Sit at My Right Hand
A Psalm of David.
110 The LORD says to my Lord:
“Sit at my right hand,
until I make your enemies your footstool.”
The LORD sends forth from Zion
your mighty scepter.
Rule in the midst of your enemies!
Your people will offer themselves freely
on the day of your power,
in holy garments;
from the womb of the morning,
the dew of your youth will be yours.
The LORD has sworn
and will not change his mind,
“You are a priest forever
after the order of Melchizedek.”
The Lord is at your right hand;
he will shatter kings on the day of his wrath.
He will execute judgment among the nations,
filling them with corpses;
he will shatter chiefs
over the wide earth.
He will drink from the brook by the way;
therefore he will lift up his head.
Psalm 110 Commentary
by Hank Workman
Who was this mysterious man, Melchizedek?
Well, we don’t know much. He appears briefly in Genesis 14:17-20, here in Psalm 110, and is mentioned several times in the book of Hebrews. Yet the brevity of the facts surround him that the patriarch Abraham recognized Melchizedek as a high priest, was worthy of tithes and greater than himself. This priesthood was completely apart, predating the Law of Moses.
As Hebrews begins to offer tidbits of this man with the purpose of raising Jesus above him; he also is making a strong point to the reader that their old ways of following the old covenant was trumped by Jesus who was greater than this mystery man they all knew of. The climax to these thoughts is found in Hebrews 7.
The point of Hebrews was to convince the Christians of the time to not turn back to their old ways, leaving Christianity in the dust. These Jewish Christians would be interested in Jesus as a High Priest but would have a lot of hurdles to tackle in order to believe it. This was mainly because Jesus didn’t come from the tribe of Levi or even from a priestly family of Aaron. These intellectual hangups were halting their maturity in Christ. Honestly, today there are many who get stuck on intellectual things and arguments when it comes to faith rather than moving forward in faith and yes spiritual maturity.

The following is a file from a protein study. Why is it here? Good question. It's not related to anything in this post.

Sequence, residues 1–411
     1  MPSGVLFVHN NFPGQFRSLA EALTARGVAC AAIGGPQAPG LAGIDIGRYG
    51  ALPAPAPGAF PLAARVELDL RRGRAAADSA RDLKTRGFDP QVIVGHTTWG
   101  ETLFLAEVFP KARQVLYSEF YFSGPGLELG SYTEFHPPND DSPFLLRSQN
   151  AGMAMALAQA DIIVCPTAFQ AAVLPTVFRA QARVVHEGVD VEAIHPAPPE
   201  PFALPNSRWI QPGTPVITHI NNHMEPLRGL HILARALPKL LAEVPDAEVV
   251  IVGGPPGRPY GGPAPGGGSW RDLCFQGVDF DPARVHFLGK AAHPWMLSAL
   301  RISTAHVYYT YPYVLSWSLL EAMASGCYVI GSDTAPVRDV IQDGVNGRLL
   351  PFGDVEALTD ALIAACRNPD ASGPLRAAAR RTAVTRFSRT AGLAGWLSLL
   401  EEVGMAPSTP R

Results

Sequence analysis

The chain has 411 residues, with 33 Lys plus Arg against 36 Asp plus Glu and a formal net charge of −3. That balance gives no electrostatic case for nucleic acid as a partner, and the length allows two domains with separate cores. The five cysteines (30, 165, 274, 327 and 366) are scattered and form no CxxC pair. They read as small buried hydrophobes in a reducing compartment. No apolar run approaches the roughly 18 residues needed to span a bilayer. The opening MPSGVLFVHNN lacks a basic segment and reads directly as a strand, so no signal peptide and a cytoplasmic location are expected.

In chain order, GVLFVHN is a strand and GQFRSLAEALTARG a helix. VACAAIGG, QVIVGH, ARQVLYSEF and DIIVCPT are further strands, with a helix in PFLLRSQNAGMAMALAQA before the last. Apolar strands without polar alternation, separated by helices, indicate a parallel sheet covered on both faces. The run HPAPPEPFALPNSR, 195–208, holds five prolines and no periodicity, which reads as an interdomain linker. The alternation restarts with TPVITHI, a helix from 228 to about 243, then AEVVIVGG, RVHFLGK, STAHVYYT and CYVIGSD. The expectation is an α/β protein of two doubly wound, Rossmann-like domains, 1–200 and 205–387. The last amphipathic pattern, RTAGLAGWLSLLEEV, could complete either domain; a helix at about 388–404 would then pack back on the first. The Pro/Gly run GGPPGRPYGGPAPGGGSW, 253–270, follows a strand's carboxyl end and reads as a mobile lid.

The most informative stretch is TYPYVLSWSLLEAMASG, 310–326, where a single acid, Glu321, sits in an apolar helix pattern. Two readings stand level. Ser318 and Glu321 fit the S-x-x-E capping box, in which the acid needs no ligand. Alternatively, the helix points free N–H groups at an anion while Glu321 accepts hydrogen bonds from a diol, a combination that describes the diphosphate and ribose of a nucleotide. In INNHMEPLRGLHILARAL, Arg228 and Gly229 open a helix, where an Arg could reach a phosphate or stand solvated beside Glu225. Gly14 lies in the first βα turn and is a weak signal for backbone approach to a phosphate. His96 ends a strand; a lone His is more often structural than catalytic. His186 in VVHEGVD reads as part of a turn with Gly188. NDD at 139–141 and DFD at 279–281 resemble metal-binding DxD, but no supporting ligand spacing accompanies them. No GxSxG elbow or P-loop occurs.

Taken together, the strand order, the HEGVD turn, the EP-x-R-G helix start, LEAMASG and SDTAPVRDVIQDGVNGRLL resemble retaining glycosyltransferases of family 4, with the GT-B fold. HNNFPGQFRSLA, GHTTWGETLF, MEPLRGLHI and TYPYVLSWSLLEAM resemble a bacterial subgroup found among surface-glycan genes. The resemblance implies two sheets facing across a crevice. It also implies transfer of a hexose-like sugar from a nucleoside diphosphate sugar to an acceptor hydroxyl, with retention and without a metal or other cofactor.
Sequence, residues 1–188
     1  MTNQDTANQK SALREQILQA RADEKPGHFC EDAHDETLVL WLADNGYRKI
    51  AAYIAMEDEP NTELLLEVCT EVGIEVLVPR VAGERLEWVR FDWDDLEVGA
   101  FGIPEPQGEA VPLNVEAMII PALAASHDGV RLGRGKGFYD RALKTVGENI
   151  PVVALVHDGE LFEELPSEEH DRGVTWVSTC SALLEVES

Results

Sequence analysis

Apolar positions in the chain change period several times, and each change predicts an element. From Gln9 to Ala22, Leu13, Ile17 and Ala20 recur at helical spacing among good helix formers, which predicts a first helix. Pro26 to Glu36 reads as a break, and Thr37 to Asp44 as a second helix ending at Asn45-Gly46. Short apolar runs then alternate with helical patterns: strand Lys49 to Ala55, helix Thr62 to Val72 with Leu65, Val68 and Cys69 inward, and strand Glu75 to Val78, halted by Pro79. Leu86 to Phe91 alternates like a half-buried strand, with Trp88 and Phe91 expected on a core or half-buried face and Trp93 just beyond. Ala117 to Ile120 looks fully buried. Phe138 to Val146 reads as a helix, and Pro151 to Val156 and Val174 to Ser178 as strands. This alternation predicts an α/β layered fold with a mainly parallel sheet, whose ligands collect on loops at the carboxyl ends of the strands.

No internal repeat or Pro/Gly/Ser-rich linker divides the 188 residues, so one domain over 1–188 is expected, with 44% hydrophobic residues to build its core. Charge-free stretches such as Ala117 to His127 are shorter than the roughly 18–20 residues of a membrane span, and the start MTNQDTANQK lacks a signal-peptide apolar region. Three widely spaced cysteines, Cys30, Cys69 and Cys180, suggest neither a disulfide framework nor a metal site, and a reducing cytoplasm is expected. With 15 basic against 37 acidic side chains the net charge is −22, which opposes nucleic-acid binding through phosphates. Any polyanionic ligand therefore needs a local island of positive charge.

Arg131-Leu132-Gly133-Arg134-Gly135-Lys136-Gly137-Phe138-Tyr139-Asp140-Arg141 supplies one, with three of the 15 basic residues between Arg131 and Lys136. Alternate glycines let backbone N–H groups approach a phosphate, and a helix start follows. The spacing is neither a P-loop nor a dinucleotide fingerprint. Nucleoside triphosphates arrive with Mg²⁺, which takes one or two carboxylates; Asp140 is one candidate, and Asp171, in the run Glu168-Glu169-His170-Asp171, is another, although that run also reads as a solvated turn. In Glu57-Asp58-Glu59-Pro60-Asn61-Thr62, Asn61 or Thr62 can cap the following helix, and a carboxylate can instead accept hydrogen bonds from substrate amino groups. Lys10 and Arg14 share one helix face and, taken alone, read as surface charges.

What is interesting is as briefly as his story appears in Genesis, he is gone. We know nothing of his heritage, his genealogy nor even his birth or death. The author of Hebrews states “he was made like the Son of God.” Many believe that since this man appeared then was gone Melchizedek was actually Jesus who appeared to Abraham!
Turning now to Psalm 110, amazingly David writes prophetic words concerning the Messiah, our Jesus who would become a priest forever in the order of Melchizedek. God made a promise to His people He would fulfill that would reference this man yet Jesus as the fulfillment would be far greater. For in this God vows that the Messiah would have an unending, eternal priesthood after the order of Melchizedek. What God was doing was setting the stages centuries before Jesus came that there would be a far greater priesthood that did not come from Aaron. He would be a priest forever.
And that is what Jesus is! He right now sits at the right hand of God interceding for you!
Jesus is able to ‘save completely’ those who come to God through Him. Since Christ’s priesthood lasts forever, there are no limitations on the mediation He offers between us and God. His ministry brings a complete salvation in that it not only offers temporary deliverance from sin but perfects those who come to Him and through Him for all time. We could not hope to draw near eternally to the eternal God through a dead priest. In Jesus, He is completely alive. We have a priest who provides salvation for us perpetually and completely.
Praise His Name!
Psalm 110 Commentary
by Brad Boyles